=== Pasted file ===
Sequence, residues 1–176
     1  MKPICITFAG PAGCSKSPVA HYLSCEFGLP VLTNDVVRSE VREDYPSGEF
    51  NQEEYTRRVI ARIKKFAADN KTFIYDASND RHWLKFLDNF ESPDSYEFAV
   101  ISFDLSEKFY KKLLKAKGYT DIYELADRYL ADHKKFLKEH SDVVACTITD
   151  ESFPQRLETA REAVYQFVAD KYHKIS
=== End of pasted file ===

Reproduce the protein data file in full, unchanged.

Sequence, residues 1–176
     1  MKPICITFAG PAGCSKSPVA HYLSCEFGLP VLTNDVVRSE VREDYPSGEF
    51  NQEEYTRRVI ARIKKFAADN KTFIYDASND RHWLKFLDNF ESPDSYEFAV
   101  ISFDLSEKFY KKLLKAKGYT DIYELADRYL ADHKKFLKEH SDVVACTITD
   151  ESFPQRLETA REAVYQFVAD KYHKIS